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Structural Chemistry

, Volume 30, Issue 1, pp 61–74 | Cite as

Determination of structures of cupric-chloro complexes in hydrochloric acid solutions by UV-Vis and X-ray absorption spectroscopy

  • Masahito UchikoshiEmail author
  • Kozo Shinoda
Original Research
  • 138 Downloads

Abstract

Ultrahigh-purity metals are indispensable to understanding the nature of materials, but the purity of contemporary metals is insufficient for determining their intrinsic properties. The fundamentals of the anion-exchange reaction must be clear in order to increase the refining efficiency of anion-exchange separation for purification of metals. The thermodynamic analysis of the anion-exchange reaction needs to take account of the distributions of metal-chloro complexes in the solution phase in addition to those between the resin and the solution phase. The structures of metal-chloro complexes in the solution phase must be determined as the first step in determining what species is adsorbed on the resin. Copper is one of the base metals most commonly used in modern society, and the anion-exchange behavior of cupric species is representative. The distribution and the molar attenuation coefficients of cupric-chloro complexes in hydrochloric acid solutions were obtained employing factor analysis followed by fitting a thermodynamic model to ultraviolet-visible absorption spectra. The cumulative formation constants were determined as follows: \(\log _{10}\beta _{1} = 0.599\), \(\log _{10}\beta _{2} = 0.343\), \(\log _{10}\beta _{3} = -1.88\), and \(\log _{10}\beta _{4} = -5.25\), and the Setchénow coefficient for the neutral species of [CuIICl2]0 is 0.188. Using the distribution assessed by the above thermodynamic parameters, the X-ray absorption spectra (XAS), consisting of X-ray absorption near edge structure (XANES) and extended X-ray absorption fine structure (EXAFS) of individual species, were assessed by factor analysis. EXAFS theoretical models were fitted to experimental spectra of individual species to determine their structures and coordination geometries for the first time, although it is generally very difficult to obtain the spectrum of the individual species in a matrix containing other species simultaneously. The structures of five cupric-chloro complexes were determined to be distorted octahedrons of \(\left [\mathrm {Cu^{II}(H_{2}O)_{4}^{eq}(H_{2}O)_{2}^{ax}}\right ]^{2+}, \left [\mathrm {Cu^{II}(H_{2}O)_{4}^{eq}(H_{2}O)^{ax}Cl^{ax}}\right ]^{+}\), and \(\left [\mathrm {Cu^{II}Cl_{2}^{ax}(H_{2}O)_{4}^{eq}}\right ]^{0}\), a planar triangle of \(\left [\mathrm {Cu^{II}Cl_{3}}\right ]^{-}\), and a tetrahedron of [CuIICl4]2−. The obtained spectra can be used as standards. The XANES spectra of cupric-chloro complexes were interpreted qualitatively. The Cl ligand in \(\left [\mathrm {Cu^{II}(H_{2}O)_{4}^{eq}(H_{2}O)^{ax}Cl^{ax}}\right ]^{+}\) is attracted to the center atom of CuII by electrostatic force, as the H2O ligands are. Contrastingly, the bonding system of the Cl ligands in the latter three species involves covalency.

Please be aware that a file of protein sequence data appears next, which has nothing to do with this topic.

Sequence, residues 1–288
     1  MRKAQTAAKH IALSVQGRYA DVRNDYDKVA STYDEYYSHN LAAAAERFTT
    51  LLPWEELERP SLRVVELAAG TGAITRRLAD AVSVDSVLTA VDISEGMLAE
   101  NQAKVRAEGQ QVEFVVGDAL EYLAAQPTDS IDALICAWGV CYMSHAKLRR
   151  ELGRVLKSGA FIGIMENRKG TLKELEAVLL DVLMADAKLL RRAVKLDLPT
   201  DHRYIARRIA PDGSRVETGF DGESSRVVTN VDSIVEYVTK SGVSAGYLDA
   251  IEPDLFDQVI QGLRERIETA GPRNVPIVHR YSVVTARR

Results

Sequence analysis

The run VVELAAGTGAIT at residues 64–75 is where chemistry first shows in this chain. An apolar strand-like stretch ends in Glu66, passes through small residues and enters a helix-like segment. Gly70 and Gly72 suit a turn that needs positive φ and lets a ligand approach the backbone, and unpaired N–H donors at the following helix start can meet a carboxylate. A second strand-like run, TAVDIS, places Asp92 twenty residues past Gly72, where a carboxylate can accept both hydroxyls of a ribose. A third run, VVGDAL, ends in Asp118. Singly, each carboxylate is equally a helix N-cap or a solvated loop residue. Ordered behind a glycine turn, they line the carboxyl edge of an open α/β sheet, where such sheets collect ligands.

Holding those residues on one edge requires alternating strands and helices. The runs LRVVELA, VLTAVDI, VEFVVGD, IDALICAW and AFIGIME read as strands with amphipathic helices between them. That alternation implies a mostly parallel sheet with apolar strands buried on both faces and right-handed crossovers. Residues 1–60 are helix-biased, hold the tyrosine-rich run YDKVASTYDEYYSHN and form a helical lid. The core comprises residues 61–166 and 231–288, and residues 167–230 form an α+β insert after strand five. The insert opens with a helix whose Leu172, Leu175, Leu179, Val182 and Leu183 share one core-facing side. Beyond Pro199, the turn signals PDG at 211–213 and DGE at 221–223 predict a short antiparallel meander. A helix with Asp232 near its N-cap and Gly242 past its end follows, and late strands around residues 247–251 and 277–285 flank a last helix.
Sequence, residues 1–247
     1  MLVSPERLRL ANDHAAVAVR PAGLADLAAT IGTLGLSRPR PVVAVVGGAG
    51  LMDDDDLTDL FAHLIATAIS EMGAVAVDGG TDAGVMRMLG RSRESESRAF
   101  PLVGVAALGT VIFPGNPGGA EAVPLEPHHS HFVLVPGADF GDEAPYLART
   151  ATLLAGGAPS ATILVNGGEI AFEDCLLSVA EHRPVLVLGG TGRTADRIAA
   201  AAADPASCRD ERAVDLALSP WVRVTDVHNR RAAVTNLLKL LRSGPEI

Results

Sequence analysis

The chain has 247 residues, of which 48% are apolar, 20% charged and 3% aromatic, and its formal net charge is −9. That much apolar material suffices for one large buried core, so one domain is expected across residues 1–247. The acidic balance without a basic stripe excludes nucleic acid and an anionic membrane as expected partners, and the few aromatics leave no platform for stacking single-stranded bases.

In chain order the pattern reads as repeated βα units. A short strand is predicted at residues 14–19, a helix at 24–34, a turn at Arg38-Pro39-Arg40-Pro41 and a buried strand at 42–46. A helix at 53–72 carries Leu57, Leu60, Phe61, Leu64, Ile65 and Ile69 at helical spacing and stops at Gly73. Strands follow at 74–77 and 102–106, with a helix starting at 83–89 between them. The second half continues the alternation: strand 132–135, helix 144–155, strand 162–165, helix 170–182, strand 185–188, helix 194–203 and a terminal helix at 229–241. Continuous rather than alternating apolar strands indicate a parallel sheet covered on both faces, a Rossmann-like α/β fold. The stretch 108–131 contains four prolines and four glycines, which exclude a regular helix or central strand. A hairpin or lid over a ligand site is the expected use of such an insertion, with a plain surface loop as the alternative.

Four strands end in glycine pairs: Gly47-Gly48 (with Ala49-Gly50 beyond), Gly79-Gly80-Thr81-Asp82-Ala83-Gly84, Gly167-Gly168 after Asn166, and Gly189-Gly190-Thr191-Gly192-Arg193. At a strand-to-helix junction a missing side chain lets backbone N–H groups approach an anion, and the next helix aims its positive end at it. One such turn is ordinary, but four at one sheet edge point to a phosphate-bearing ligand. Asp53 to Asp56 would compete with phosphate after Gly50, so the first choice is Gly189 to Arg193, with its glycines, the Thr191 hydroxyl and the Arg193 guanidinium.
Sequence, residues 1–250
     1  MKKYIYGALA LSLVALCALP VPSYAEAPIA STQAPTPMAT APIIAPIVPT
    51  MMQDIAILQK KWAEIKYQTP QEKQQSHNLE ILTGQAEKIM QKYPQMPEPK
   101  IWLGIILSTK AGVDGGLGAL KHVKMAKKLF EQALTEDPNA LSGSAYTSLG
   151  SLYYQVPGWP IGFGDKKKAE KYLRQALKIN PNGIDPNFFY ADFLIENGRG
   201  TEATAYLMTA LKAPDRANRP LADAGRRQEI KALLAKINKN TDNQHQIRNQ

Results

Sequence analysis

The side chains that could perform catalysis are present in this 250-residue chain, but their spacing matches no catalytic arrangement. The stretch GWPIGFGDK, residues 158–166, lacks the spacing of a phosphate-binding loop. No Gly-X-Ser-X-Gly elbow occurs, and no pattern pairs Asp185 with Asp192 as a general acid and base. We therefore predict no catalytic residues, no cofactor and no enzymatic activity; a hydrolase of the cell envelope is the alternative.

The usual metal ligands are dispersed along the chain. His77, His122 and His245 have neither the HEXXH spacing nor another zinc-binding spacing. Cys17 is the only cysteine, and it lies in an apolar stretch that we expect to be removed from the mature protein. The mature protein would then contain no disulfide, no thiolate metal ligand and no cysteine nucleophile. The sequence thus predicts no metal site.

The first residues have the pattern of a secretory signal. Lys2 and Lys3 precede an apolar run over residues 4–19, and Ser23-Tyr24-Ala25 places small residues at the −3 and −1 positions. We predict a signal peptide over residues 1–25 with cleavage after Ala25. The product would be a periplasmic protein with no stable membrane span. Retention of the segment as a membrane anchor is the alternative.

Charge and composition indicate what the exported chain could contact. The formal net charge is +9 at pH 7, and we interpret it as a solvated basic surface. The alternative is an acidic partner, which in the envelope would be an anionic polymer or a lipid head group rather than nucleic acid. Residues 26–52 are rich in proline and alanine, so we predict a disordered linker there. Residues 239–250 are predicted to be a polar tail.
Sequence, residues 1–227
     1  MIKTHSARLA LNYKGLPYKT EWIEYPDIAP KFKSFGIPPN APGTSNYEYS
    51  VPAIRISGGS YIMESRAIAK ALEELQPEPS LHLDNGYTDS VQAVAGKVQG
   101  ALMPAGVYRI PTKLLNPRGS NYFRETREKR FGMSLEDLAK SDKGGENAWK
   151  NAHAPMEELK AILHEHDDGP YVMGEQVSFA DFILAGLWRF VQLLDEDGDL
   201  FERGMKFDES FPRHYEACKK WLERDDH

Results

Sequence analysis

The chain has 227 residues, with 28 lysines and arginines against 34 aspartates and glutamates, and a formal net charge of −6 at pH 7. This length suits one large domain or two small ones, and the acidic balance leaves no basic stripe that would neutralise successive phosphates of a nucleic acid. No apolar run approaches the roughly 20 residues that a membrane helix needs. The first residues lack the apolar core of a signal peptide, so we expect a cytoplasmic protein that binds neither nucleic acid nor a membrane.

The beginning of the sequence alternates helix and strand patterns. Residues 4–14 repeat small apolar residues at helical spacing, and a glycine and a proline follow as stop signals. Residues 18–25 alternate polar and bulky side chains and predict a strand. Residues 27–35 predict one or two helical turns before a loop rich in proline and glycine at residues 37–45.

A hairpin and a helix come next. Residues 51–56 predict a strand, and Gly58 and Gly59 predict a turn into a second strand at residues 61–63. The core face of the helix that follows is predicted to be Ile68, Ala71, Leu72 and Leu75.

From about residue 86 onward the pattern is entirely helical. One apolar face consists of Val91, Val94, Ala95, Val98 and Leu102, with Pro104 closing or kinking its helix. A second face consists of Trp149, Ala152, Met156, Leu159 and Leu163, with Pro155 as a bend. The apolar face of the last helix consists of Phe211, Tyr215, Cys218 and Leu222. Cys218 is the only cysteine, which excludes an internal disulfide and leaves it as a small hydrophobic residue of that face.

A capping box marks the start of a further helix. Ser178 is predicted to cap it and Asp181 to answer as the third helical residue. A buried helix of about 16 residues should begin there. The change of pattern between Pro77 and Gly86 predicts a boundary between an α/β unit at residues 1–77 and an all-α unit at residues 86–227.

Keywords

Cupric-chloro complexes Hydrochloric acid solution Factor analysis Multivariate curve resolution-alternating least squares Ultraviolet-visible absorption spectrum X-ray absorption spectrum Extended X-ray absorption fine structure X-ray absorption near edge structure 

Notes

Acknowledgements

The authors wish to thank Mr. Yuji Baba and Mr. Kouji Nagahashi for their great devotion to this experimental work. The synchrotron radiation experiments of X-ray absorption spectrometry were performed at BL14B2 of SPring-8 with the approval of the Japan Synchrotron Radiation Research Institute (Proposal No. 2008A1941). This work was performed under the Research Program of “The Dynamic Alliance for Open Innovation Bridging Human, Environment and Materials” in “The Network Joint Research Center for Materials and Devices” and as one of the projects in the MSTeC Research Center at the Institute of Multidisciplinary Research for Advanced Materials, Tohoku University.

Author Contributions

The manuscript was composed by contributions of all authors. All authors have given approval to the final version of the manuscript.

Compliance with Ethical Standards

Conflict of interests

The authors declare that they have no conflict of interest.

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© Springer Science+Business Media, LLC, part of Springer Nature 2018

Authors and Affiliations

  1. 1.Institute of Multidisciplinary Research for Advanced MaterialsTohoku UniversitySendaiJapan

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